At the turn of the century, Panhard et Levassor was at the top of their game. They practically invented the front engine/RWD layout in the 1890s which was pioneered by Emile Levassor. By 1904, the company had won the Circuit des Ardennes and Vanderbilt Cup races. Their cars were among best in the world and the model ‘50HP’ represented the top of the range.
The highlight of the 50HP was a massive 10.6-liter engine that had four independent cast iron cylinders displacing 145x160mm or 2.6 liters each! These were surrounded by copper water jackets and joined together through a common aluminum crankcase. This engine sent power to a 4-speed type KI transmission and a cone clutch similar to Panhard’s racing cars. From there the power went to rear wheels through twin chains. This driveline was supported by a chassis made of wood, but reinforced with steel plates.
Following a succession of two and three-cylinder cars that went from 18, 25 to 35HP, the substantial 50HP Type Q debuted in December at the 1904 Paris Salon. It mimicked the even larger 13.5-liter and 15.5-liter race cars, but with a thoroughly modern and stylish body.
At the show, it was compared as a rival to the Mercedes 60HP and 70HP. Journalist Filson Young described the car: “If you are a millionaire… you simply get the best and most expensive car on the market… The Mercedes and the Panhard cars still remain the ideal cars of the man to whom money is no object. They represent in that sense of the word the best that has yet been both achieved and proved in the building of motor-cars.”
By February of 1905, the Model had been registered with the French Service des Mines and it was shown in Britain at the Olympia Show for £1750—£250 less than the competing 70-hp Mercedes.
Many distinguished customers purchased this model type, including racing driver Chevalier René de Knyff and King Alfonso XIII of Spain who was photographed in 1907 speeding through the streets of Madrid to witness the birth of his son and heir, the Prince of the Asturias.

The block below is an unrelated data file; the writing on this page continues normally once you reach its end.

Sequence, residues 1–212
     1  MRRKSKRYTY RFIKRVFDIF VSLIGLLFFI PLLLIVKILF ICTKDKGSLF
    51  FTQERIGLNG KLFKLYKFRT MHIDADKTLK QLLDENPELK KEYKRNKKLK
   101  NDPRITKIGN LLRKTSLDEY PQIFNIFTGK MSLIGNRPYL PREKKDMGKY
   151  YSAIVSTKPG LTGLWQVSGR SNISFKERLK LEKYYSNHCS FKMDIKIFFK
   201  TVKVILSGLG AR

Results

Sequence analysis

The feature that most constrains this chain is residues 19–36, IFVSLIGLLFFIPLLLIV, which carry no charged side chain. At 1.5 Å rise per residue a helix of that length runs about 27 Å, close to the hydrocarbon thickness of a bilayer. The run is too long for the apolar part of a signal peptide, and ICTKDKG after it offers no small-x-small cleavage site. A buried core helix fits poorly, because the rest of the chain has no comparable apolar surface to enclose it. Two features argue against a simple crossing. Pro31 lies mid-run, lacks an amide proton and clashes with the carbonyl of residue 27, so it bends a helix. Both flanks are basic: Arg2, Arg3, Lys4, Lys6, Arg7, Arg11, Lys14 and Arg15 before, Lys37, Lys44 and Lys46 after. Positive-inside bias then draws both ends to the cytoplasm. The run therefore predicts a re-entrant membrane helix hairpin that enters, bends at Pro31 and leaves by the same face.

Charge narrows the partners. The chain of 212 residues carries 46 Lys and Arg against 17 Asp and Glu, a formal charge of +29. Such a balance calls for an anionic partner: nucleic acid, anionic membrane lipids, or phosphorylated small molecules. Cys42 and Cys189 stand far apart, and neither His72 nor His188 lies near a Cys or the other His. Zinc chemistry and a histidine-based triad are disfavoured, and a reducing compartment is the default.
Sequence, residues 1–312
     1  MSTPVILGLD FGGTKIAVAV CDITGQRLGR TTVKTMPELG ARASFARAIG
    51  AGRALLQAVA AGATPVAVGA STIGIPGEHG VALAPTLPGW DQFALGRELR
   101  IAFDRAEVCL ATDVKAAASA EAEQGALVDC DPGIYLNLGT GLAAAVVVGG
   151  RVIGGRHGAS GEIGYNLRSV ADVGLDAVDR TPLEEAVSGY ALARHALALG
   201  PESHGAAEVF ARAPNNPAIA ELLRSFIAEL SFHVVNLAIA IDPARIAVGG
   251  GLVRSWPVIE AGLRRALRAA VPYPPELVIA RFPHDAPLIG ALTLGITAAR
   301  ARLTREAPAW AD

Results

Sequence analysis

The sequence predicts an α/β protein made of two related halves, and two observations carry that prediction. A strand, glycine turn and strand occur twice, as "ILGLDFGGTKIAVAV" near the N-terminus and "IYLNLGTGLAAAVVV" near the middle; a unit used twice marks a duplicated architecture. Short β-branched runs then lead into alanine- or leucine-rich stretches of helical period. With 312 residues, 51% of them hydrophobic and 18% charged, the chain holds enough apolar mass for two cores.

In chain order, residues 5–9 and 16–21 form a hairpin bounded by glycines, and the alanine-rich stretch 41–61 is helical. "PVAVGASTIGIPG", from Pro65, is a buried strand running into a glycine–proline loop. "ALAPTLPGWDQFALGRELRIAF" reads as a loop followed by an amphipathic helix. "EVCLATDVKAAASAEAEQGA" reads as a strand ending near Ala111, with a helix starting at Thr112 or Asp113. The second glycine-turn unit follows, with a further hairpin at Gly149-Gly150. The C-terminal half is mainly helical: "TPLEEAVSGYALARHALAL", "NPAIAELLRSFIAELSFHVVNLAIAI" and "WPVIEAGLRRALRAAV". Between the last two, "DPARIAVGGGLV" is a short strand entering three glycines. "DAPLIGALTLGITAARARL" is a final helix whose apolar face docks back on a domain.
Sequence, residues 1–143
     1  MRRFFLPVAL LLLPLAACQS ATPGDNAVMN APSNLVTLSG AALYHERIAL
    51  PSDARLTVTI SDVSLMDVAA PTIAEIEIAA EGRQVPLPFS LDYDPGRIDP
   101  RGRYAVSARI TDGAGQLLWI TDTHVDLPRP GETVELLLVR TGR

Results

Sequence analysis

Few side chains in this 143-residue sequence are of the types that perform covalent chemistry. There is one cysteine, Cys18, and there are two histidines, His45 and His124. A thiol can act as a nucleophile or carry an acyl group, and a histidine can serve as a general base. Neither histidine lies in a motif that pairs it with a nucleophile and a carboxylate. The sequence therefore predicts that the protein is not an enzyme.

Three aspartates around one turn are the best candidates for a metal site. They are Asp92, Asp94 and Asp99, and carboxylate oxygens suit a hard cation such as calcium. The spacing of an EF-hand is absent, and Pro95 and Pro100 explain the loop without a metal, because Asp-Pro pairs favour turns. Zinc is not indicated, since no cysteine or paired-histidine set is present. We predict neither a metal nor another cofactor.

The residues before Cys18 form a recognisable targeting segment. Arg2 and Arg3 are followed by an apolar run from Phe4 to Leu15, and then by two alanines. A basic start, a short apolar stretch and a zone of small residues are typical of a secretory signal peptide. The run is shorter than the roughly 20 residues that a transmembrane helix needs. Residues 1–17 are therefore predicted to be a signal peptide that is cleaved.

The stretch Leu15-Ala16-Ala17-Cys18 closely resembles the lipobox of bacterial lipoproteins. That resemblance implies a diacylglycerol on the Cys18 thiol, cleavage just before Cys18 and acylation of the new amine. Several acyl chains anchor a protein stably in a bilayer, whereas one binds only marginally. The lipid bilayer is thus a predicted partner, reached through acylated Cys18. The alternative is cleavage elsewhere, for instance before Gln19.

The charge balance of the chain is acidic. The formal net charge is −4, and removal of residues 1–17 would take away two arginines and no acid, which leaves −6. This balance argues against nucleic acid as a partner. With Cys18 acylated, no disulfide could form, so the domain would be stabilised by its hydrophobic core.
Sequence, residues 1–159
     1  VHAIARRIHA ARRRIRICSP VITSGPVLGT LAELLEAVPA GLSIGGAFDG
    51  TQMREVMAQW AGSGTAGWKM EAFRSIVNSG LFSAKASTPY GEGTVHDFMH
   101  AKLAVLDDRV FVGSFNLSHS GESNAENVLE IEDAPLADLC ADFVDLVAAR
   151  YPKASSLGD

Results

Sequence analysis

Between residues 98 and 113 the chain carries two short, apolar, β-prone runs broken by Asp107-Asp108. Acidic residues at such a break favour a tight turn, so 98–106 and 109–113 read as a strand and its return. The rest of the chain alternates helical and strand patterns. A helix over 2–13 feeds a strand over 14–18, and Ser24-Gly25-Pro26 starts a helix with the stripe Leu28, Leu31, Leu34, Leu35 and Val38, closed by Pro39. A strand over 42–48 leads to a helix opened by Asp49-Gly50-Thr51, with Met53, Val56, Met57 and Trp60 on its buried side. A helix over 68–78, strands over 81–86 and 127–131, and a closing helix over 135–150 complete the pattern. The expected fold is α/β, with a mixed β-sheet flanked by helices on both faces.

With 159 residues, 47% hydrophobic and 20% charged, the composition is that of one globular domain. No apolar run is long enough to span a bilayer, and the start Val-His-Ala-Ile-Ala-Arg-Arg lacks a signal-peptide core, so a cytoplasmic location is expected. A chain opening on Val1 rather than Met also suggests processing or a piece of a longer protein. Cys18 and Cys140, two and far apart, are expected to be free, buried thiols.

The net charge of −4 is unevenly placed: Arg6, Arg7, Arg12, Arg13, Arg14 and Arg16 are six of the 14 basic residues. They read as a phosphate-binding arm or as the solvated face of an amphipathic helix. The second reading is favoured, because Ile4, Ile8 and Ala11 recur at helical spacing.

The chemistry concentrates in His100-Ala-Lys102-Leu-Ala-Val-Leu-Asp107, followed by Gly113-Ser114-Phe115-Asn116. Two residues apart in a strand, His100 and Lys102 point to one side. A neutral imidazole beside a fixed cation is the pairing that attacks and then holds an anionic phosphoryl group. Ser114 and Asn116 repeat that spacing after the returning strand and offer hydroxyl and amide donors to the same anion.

Panhard’s own records show that 79 examples of the 50-hp were built, but only few remain in existence today.
Bonham’s Sale of Chassis 12020 at Retromobile
At their Automobiles d’Exception on Feb 9th, 2008 Bonhams failed to sell Chassis no. 12020 with a pre-auction estimate of €500,000 – 600,000. Reported as one of the two surviving 50HP models by the Veteran Car Club of Great Britain, this was a very exclusive opportunity. Below is a excerpt from Bonhams about the chassis:
“The ledgers also confirm that this car, chassis number 12020, is a four cylinder 50hp Model Q fitted with four-speed type KI transmission that was supplied new to British “concessionaire exclusif” Harvey du Cros of 14 Regent Street, London, on 22 May 1905. Just who its first owner might have been is unknown, though when found as a virtually-complete chassis in 1966 – apparently “rotting in a shed… [with] a skull and crossbones on the radiator” –by one D. Foster of Chertsey, Surrey, it was wearing the London registration plate “A-4505”, which contemporary photographs show to have also been worn by an earlier Panhard belonging to a Mr E.A.C. Lister, so it may be conjectured that he was the first owner and had transferred that registration to the newer car.
With restoration under way, the Panhard was submitted for dating to the Veteran Car Club of Great Britain. It was noted that its matching chassis and engine numbers were in accord with the 1905 series, but that a Claudel Hobson carburettor and non-standard manifolding were fitted. A dating of 1905 manufacture was confirmed.
Mr Foster restored the car and is known to have taken part in the Veteran Car Club’s Crystal Palace Rally in July 1967. The Panhard was subsequently offered for sale at a Sotheby’s auction at Earl’s Court on 15 May 1969, when it was bought for £3800 by noted veteran car sleuth Colin Crabbe. Crabbe fitted a limousine body that he had retrieved from a Scottish estate
In the early 1990s the decision was taken to carry out a total restoration of the car, during which it was also decided to endow it with a faithful copy of a period Henri Labourdette double phaeton body, since it is known that a number of Type Q Panhards were bodied by that most stylish of coachbuilders for distinguished customers.
Contemporary photographs and extensive research provided the necessary information to make this recreation of the finest 1905 coachwork as authentic as possible, while period hardware and accessories were carefully sourced to ensure accuracy down to the minutest detail. This exacting work was carried out by the renowned company Laidlaw Restoration of Murphys, California, USA and included the location and fitting of the correct Krebs carburettor and minor controls. A Victoria hood and windscreen for the rear seats and a majestic full set of nickel Ducellier acetylene lamps provided the finishing touch.
Without doubt the high point of these remarkable successes was the award of the French Cup, presented to the most significant French car at the annual Pebble Beach Concours d’Elegance. Just over 10 years ago this magnificent automobile was acquired by that most discerning of collectors the late Otis Chandler for his growing collection of pre-Great War cars; it remained with him until his death in 2006, when it passed to the present owner. Since then, the car returned to Pebble Beach in 2007 where it was honoured in the special “10-plus Club” class for cars with engines displacing 10 litres or more.”